– However, the wood on this gun is far from plain, and there is a good colour match between stock and fore end.

– The fore end is of a slim, Schnabel type, and both stock and fore-end have a varnish finish.

– Stock length is 14.5/8 in at the centre, and a gunsmith could easily cut it back to suit a youngster.

– The drops at comb and heel are 1.3/8 in and 2.1/4 in respectively, which are a good compromise for most shooters.
– Chequering is machine-cut but well executed, and a thin plastic buttplate is fitted.
– Woodwork is now oil-finished.

How heavy?
The gun weighs 6lb 2 oz.

What the tester thought
Sporting Gun tested the gun in April 2004. It scored seven out of 10 for build quality, six for handling, five for styling, and eight for value for money.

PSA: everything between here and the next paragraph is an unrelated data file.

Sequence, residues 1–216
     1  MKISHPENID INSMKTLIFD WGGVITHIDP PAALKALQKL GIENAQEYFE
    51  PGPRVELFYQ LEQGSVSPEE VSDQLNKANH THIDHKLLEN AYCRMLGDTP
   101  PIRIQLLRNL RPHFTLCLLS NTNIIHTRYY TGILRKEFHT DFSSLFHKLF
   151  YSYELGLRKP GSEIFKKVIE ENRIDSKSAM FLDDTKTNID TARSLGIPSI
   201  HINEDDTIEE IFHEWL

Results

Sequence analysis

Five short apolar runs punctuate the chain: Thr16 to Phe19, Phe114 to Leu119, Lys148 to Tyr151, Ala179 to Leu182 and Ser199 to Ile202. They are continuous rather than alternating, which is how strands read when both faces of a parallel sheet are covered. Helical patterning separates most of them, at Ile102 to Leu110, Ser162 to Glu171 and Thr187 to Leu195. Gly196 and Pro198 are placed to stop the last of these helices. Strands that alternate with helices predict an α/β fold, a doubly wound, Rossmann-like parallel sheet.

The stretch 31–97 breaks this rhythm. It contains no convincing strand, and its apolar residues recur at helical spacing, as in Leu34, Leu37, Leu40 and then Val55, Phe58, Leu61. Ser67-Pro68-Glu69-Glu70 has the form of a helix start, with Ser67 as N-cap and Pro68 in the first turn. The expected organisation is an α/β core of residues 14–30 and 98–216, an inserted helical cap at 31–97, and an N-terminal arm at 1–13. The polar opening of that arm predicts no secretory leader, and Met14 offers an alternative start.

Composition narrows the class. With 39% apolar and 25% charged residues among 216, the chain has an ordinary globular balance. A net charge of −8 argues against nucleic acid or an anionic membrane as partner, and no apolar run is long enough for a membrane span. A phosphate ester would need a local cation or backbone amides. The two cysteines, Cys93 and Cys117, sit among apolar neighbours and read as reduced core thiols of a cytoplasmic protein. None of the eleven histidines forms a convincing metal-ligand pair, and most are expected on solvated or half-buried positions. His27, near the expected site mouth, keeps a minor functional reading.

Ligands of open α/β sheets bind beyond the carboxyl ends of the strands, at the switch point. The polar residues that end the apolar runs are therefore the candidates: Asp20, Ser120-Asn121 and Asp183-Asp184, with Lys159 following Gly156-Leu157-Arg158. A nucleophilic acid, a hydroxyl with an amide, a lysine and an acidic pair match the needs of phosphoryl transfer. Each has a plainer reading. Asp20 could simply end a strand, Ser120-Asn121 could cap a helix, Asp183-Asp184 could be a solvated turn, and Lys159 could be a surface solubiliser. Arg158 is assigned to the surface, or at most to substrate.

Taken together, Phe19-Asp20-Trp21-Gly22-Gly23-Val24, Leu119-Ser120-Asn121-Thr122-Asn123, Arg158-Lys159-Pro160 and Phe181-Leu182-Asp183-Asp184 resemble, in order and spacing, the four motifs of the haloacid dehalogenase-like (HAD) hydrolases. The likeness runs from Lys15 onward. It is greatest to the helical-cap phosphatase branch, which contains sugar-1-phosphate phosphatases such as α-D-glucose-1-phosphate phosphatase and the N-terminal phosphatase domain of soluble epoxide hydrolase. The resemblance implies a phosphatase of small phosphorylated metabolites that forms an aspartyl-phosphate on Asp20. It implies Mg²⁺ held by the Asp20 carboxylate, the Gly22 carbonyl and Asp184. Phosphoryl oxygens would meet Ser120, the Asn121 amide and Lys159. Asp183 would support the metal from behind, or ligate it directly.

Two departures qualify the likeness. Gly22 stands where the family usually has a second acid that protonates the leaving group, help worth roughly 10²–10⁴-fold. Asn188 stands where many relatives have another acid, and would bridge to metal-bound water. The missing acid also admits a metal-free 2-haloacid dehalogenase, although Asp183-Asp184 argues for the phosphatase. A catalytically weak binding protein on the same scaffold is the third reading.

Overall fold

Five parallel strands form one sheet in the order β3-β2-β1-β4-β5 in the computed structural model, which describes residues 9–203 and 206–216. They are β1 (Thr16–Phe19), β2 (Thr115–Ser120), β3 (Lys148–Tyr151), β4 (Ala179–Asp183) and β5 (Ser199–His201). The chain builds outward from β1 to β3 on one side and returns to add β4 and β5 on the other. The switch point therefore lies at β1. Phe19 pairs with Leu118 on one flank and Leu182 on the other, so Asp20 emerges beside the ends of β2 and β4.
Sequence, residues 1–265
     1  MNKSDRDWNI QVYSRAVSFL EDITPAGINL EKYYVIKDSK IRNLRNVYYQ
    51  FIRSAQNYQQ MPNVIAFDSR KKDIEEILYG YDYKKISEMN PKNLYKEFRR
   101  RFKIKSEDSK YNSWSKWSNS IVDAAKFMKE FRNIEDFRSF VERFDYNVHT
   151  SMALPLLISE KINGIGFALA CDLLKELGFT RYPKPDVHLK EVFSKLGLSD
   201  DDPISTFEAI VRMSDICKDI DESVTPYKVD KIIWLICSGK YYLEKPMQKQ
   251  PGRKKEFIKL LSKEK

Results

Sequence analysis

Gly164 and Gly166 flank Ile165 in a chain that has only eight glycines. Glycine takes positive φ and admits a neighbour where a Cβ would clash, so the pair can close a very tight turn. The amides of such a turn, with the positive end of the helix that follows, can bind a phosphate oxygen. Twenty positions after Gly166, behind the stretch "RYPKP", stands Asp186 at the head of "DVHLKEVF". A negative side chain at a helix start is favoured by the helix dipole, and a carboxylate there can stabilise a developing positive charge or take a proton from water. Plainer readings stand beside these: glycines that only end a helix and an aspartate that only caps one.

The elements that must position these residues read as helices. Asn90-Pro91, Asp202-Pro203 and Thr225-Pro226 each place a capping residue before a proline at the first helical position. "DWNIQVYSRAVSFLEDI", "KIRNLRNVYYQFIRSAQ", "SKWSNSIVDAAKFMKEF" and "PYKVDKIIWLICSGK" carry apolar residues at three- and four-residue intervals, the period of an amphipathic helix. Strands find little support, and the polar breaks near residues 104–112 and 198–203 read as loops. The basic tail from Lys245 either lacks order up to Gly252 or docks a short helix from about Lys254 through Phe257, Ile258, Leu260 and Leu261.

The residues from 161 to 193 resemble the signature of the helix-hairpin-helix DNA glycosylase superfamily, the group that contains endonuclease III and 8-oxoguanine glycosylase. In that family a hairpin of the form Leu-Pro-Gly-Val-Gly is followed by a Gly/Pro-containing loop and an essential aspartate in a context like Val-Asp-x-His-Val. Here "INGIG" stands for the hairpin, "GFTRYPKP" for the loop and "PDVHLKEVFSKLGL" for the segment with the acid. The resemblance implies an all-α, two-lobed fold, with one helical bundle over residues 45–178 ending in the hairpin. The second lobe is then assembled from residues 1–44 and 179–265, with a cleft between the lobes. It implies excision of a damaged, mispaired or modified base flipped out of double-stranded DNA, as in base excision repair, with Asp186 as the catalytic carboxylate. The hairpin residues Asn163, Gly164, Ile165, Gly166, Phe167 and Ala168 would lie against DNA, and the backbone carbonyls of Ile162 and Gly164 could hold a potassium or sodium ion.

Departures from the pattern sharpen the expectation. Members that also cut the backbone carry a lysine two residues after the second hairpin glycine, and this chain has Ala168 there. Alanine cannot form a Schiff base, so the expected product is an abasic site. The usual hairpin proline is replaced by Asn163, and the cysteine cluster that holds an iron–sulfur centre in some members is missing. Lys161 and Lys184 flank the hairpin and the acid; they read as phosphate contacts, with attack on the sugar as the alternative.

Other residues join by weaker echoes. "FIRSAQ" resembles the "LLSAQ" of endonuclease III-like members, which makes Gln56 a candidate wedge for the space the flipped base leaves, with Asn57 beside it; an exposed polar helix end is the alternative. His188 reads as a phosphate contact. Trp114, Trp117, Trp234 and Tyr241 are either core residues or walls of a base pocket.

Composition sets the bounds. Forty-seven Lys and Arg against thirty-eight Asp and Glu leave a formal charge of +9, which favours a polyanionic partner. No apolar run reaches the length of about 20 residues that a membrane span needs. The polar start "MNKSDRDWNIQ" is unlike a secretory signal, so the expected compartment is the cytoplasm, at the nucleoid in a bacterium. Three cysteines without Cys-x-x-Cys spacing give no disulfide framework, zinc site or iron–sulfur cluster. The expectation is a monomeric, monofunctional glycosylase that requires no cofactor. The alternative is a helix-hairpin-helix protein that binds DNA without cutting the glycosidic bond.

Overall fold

The finish, and the fact the gun is pointable and affordable, drew praise, but the weight was thought to be slightly excessive and the tested suggested a lighter barrel set would cure the problem. The gun’s unique position in the market was admired.

With its unique market position and price, the gun is difficult to contrast with anything.

Browning, Miroku and Beretta all make 28-bores, but Beretta’s Silver Pigeon 28-bore field model, to quote just one example, has a recommended retail price of over £1,200 and is built on a 20-bore action frame.

More information
From the importers, Nickerson of Tathwell, Bolingbroke Road, Fairfield Industrial Estate, Louth, Lincs LN22 0WA. Tel: 01507-610084.

Lincoln Premier 28-bore shotgun

£795 multichoke £725 fixed choke

Click here for more gun reviews!